Long way to go in women’s struggle for rights – survey

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st women G20 REUTERS A woman pretends to be gagged while taking part in a protest during International Women's Day in Mexico City in this March 8, 2011 file photo. A Thomson Reuters Foundation survey, polling 370 gender specialists, found Canada to be the best place to be a woman amongst G20 nations, excluding the European Union economic grouping. Saudi Arabia was the second worst, after India. The writing on the woman's chest reads, "Neither a whore, nor crazy, nor a saint, just a woman." REUTERS/Jorge Dan Lopez/Files (MEXICO - Tags: SOCIETY)

On one side of the border, a woman can see a doctor for free and is guaranteed paid maternity leave. On the other, most women do not qualify for free health care and one in five under 65 does not have medical insurance.

These differences and others make Canada the best country among the world’s wealthiest nations to be a woman and keep the US out of the top five, according to a poll of experts released last week by legal news service TrustLaw.

The US ranked sixth among the 19 countries in the Group of 20 (G20) economies, excluding the EU economic grouping, in the global survey of 370 recognised gender specialists.

Germany, Britain, Australia and France followed Canada in that order, while India, Saudi Arabia and Indonesia polled the worst.

Despite similarities between Canada and the US in education and economic opportunity, the countries were different in the area of gender equality, the experts said.

Canada’s constitution promoted and safeguarded women’s rights while a lack of consensus over reproductive rights in particular eroded them in the US, experts said.

“Canada leads the pack with its promotion of women’s access and opportunities across various sectors of society, including education, economic participation and health care,” said Sarah Degnan Kambou, president of the International Centre for Research on Women in Washington, which took part in the survey.

The poll showed how the lack of universal health care and the struggle over abortion rights in the US – important issues before the November presidential election – were key to perceptions of women’s freedoms in the country, according to the experts polled.

Respondents came from 63 countries on five continents and included aid professionals, academics, health workers, policymakers, journalists and development specialists with experience in gender issues. Representatives of faith-based organisations were also surveyed.

While a pregnant woman in Canada is guaranteed 15 weeks of paid maternity leave, she receives no federally guaranteed time off with pay in the US.

If the expectant mother is one of the 16 percent of American women under 65 with no health insurance – according to data from the US Centers for Disease Control and Prevention – she may have to forgo adequate pre-natal and post-natal care because she can’t afford it.

Canada also ranks better than the US on maternal mortality, reporting 12 maternal deaths per 100 000 live births in 2008, half the number recorded in the US, according to the UN.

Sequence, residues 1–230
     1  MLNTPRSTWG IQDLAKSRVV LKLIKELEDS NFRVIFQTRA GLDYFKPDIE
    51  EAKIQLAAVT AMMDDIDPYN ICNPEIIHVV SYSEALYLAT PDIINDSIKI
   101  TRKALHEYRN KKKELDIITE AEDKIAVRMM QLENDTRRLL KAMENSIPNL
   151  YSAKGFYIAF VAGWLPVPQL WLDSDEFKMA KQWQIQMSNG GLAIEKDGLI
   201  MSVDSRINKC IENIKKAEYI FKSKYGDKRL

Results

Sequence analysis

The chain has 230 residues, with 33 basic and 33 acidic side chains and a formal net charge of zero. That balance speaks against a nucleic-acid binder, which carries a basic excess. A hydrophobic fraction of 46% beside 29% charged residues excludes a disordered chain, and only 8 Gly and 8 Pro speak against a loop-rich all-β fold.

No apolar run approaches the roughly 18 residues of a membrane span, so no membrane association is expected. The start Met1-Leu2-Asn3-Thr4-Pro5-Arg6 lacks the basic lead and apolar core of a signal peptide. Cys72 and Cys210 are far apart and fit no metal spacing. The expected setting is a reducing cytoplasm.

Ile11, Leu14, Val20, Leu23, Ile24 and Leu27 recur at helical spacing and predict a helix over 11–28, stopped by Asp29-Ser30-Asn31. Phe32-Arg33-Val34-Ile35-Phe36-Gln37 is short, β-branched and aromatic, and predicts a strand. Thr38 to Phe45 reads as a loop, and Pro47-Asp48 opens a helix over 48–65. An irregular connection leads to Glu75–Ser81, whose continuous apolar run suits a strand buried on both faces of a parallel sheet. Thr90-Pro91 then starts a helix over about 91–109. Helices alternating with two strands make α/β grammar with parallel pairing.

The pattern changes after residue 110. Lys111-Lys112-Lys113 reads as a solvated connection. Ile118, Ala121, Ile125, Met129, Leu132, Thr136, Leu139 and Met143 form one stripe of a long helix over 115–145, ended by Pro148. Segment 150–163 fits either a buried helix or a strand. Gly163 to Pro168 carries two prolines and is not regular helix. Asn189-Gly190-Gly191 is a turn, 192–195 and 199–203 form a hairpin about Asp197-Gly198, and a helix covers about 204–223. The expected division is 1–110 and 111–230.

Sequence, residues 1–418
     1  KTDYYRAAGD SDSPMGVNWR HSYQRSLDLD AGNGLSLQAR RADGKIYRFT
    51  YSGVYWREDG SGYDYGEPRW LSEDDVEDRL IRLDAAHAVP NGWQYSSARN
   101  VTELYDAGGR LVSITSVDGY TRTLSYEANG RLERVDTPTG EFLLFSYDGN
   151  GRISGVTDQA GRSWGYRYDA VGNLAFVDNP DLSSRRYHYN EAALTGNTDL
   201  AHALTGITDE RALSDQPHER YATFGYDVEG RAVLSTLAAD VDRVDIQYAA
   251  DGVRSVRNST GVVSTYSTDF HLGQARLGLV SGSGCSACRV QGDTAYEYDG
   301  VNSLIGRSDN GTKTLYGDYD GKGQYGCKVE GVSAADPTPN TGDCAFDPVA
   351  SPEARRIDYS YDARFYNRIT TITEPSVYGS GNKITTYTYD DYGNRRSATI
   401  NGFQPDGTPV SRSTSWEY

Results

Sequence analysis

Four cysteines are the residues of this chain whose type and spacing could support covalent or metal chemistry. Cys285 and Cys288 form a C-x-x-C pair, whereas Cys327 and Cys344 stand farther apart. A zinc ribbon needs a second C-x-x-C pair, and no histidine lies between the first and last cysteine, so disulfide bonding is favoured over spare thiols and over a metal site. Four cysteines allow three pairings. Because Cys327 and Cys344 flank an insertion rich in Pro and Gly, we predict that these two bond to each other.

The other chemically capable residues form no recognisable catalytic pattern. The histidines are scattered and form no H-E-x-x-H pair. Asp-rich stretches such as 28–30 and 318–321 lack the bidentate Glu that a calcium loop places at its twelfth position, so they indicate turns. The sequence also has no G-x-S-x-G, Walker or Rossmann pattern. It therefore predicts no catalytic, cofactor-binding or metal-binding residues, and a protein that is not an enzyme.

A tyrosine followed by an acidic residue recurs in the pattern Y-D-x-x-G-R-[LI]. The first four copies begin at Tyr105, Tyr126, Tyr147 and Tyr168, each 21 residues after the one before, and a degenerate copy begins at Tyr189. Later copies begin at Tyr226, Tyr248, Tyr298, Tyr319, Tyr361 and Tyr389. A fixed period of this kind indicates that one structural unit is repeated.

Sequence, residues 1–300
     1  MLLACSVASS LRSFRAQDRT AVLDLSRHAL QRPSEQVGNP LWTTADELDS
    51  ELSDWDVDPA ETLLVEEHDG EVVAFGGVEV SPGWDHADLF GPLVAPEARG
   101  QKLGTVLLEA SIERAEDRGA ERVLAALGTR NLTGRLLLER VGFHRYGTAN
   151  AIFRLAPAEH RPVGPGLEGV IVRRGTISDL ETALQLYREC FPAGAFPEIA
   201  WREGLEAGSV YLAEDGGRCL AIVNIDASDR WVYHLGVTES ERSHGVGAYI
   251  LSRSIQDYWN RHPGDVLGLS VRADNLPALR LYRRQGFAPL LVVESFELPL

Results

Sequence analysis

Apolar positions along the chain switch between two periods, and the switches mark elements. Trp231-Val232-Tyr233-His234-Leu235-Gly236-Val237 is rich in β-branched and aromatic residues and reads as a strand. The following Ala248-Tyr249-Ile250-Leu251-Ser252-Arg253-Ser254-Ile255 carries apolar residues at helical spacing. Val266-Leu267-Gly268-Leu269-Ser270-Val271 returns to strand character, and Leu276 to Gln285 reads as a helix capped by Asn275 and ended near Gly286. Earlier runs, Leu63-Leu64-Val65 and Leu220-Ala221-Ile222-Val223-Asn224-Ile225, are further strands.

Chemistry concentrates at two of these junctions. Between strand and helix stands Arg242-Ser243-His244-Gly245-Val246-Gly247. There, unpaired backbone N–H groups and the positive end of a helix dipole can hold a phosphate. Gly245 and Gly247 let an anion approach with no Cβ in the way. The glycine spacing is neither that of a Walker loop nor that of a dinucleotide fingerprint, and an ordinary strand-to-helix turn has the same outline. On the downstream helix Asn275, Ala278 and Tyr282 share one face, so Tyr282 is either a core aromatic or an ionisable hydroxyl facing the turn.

While women’s political representation in Canada lags behind some G20 countries, it fares better than in the US.

Nearly a quarter of seats in Canada’s lower house of parliament are held by women, compared with 17 percent in the US, according to data from the Inter-Parliamentary Union.

“Our political participation levels, particularly in Congress, are embarrassingly low as compared to other countries in the G20, such as SA, Germany and Argentina,” said Kambou. In SA, women hold 42 percent of seats in Parliament’s lower house.

Canada was one of the first countries to sign and ratify the Convention on the Elimination of All Forms of Discrimination Against Women, often referred to as the international bill of rights for women.

The US is the only democracy and the only G20 country that has yet to ratify convention, primarily due to concerns of religious and social conservatives that it will undermine what they call “traditional family values”.

Neither Canada nor the US has managed to resolve the gender pay gap.

The status of reproductive rights – considered a basic human right by many of the experts polled – continues to be a big issue for women in the US, survey respondents said.

According to the Guttmacher Institute, which promotes sexual and reproductive rights, US legislators enacted 92 provisions that restricted access to abortion in 24 states last year.

So far this year, nine provisions that restrict access to abortion have been enacted at state level.

Women’s control over reproductive health was one of the issues experts were asked to consider when ranking the G20 countries as part of a broad health category that also included maternal mortality, access to health care, HIV/Aids and access to adequate nutrition.

About a third of US women said they believe there is a broad effort to curtail access to choices and services such as contraception, family planning and abortion, a recent survey by the non-profit Kaiser Family Foundation found.

“It’s not surprising the US did not make the top five ‘best’ countries, given the serious violations of women’s rights that continue to occur,” said Yasmeen Hassan, global director of Equality Now.

Aside from quality of health, the TrustLaw survey asked respondents to rank G20 countries in terms of the overall best and worst places for women and in the categories of freedom from violence, participation in politics, workplace opportunities, access to resources such as education and property rights and freedom from trafficking and slavery. – Reuters


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